For instance, an amp may deliver 1W into 16Ω but the same amp will only deliver 0.025W into a 600Ω headphone (assuming the current limit is not reached and output resistance is low)
Someone that THINKS he just bought a powerful amp (it is 1W for heavens sake!) will not be able to drive a 600Ω headphone very loud.
So one may think.. I need a much more powerful amp.
You don’t, you just need an amplifier with a higher output voltage, not necessarily meaning a more powerful amp.

It works the other way around too.
An amplifier that can deliver 1W into 600Ω only needs to deliver 40mA (60mA pk) to achieve that power.
Let’s assume the amp is current limited to 60mA.
When you connect a 20Ω headphone to that same amp it will only deliver 0.032W into it.

Power specs are thus MEANINGLESS unless they are accompanied by the headphone impedances that it must drive.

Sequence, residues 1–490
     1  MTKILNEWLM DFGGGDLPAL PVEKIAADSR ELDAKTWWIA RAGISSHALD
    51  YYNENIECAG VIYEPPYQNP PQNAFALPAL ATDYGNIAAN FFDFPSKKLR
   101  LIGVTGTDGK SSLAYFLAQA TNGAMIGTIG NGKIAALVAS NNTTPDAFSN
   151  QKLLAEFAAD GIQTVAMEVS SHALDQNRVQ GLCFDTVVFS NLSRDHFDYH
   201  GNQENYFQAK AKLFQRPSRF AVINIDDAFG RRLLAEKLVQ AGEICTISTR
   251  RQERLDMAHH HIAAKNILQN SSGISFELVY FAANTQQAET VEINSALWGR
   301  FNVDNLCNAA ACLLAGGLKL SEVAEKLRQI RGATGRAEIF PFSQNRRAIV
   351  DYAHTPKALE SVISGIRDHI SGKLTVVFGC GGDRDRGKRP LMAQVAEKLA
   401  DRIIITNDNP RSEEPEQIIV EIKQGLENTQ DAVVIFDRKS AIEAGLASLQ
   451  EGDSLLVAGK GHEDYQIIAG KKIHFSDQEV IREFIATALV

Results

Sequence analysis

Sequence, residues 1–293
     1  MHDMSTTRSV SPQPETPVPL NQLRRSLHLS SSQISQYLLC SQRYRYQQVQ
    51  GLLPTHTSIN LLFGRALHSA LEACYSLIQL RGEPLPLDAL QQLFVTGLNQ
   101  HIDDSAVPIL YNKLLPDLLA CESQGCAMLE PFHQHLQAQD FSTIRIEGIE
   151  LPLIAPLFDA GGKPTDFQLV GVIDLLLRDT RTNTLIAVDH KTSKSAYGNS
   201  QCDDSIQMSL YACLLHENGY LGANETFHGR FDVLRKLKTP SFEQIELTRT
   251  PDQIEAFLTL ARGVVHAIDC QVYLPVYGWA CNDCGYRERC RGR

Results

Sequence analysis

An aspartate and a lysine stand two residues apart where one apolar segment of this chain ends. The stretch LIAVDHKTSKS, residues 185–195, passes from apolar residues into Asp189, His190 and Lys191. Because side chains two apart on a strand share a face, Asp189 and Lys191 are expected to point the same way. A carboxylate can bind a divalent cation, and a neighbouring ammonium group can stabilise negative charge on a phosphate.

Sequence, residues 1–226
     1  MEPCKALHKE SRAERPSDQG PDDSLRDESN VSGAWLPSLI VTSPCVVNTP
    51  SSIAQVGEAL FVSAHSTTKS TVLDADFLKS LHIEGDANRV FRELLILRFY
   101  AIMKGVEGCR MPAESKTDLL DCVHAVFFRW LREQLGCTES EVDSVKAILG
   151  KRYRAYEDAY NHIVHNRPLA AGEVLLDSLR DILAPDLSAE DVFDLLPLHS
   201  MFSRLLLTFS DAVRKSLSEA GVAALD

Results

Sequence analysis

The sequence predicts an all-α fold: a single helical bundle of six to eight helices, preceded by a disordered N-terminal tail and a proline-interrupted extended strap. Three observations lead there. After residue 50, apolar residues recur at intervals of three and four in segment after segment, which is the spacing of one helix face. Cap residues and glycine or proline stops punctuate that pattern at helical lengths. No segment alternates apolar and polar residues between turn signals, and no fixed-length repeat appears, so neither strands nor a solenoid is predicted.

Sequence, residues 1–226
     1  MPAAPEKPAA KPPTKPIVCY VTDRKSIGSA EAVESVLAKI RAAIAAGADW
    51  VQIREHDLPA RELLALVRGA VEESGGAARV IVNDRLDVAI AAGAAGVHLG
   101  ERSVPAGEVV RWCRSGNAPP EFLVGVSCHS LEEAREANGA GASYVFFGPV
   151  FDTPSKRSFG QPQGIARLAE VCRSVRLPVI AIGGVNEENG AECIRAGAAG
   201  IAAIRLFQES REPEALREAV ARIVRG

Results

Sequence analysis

This too adds to the needs more ‘power’ or ‘headphone X or Y’ is hard to drive myths on the web.

This is just the technical part though, as many will say that doesn’t account for everything that is perceived.

Now, let’s assume we do not want to play very loud and have no need to play any louder than say 105dB peak levels.
This means for high DR recordings average levels of 90dB will be present

If you want to be able to drive all commercial headphones to 105dB (peak) but with NO headroom to spare, you will need an amplifier that can reach certain minimal voltage, current and thus power levels, remember P (Watt) = U (Volts) x I (Amps) .